Risk Factors Affecting the Prognosis in Patients with Pulmonary Contusion Following Chest Trauma OC17-OC19
Dr. Gaude Gajanan,
Professor and Head, Department of Pulmonary Medicine,
KLE Universityâ€™s J. N. Medical College, Belgaum, Karnataka-590010, India.
Introduction: Thoracic injury and its complications are responsible for as much as 25% for blunt trauma mortality. Pulmonary contusion occurs in 30%â€“75% of these cases. Despite advances in pulmonary care and intensive care management pulmonary contusion still contributes to higher mortality and morbidity for patients with severe injuries.
Aim: To assess the outcome of pulmonary contusions in patients with chest trauma and various factors determining mortality in these patients.
Materials and Methods: A retrospective case study, over a period of one year, of all chest trauma cases with pulmonary contusions confirmed by X-rays or CT scan of thorax, were included in the study. All the cases were assessed for age, associated injuries, APACHE II score, SAPS II score, SOFA score, paO2/Fio2 ratio, fracture of ribs, presence of haemothorax or pneumothorax, ventilator and ICU days and finally hospital outcome.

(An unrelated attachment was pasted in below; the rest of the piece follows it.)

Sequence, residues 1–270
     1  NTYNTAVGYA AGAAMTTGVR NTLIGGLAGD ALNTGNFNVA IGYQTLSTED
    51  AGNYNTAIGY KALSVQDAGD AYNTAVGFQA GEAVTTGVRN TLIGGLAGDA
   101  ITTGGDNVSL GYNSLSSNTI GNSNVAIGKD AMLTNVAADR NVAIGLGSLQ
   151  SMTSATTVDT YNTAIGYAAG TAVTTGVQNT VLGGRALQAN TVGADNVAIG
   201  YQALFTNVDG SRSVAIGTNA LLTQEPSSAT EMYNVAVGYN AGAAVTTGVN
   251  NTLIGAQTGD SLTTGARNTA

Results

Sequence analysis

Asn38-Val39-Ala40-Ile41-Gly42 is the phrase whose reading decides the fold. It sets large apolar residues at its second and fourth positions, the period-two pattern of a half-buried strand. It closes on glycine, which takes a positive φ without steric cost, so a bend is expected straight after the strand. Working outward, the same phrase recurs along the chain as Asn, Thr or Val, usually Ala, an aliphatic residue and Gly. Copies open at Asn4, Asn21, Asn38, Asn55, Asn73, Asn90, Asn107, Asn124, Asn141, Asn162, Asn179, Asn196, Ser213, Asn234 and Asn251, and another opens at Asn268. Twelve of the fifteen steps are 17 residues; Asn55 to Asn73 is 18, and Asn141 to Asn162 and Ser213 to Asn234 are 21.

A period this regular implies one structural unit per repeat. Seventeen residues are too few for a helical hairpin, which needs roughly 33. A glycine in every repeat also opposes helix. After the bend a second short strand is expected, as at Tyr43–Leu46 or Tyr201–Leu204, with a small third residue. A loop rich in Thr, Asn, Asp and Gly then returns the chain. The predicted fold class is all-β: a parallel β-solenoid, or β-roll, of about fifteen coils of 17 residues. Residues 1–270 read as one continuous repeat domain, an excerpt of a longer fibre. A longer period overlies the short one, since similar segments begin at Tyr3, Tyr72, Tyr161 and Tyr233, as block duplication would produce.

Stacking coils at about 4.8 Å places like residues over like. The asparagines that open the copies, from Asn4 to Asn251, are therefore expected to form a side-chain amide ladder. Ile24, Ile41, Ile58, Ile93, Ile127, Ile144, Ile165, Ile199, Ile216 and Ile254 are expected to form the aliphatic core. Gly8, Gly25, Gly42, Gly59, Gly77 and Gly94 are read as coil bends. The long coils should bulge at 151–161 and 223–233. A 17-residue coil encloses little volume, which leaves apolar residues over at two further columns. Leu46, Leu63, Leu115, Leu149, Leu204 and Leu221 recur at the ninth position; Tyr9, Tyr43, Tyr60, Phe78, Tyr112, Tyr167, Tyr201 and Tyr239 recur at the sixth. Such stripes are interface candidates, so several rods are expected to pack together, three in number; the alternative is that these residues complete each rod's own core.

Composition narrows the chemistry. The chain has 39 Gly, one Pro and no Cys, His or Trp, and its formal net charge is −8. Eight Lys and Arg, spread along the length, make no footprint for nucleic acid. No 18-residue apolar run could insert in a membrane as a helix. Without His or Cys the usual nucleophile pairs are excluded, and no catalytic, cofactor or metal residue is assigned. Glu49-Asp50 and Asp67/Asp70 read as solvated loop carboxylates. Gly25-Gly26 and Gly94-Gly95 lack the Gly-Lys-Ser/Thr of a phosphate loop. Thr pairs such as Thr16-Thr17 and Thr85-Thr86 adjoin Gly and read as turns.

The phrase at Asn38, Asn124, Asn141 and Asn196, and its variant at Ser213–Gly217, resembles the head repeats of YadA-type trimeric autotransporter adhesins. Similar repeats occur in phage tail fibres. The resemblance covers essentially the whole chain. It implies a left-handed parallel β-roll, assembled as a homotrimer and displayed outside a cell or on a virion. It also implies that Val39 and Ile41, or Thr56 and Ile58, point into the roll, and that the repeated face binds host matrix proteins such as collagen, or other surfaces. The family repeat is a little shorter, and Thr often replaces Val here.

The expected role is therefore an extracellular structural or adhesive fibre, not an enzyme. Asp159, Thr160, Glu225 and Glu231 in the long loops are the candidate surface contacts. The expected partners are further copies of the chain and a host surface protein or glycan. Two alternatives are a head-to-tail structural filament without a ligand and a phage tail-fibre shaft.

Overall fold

Results: A total of 16 cases of pulmonary contusions were included in the study. Five patients died during the ICU stay and 11 survived. All patients had associated injuries. There was significant difference seen in APACHE II score (p<0.001), SAPS II score (p<0.001), SOFA score (p<0.001), paO2/Fio2 ratio (p<0.022) and ventilator days (p<0.001) among the survivors and non-survivors. However, no significant difference was seen in presence of fracture of ribs and presence of either haemothorax or pneumothorax.
Conclusion: The risk factors that were associated with higher mortality in patients with pulmonary contusions following chest trauma were APACHE II score, SAPS II score, SOFA score, paO2/Fio2 ratio and ventilator days. Close monitoring to improve the gas exchange and better fluid management will help in improving the survival in these patients.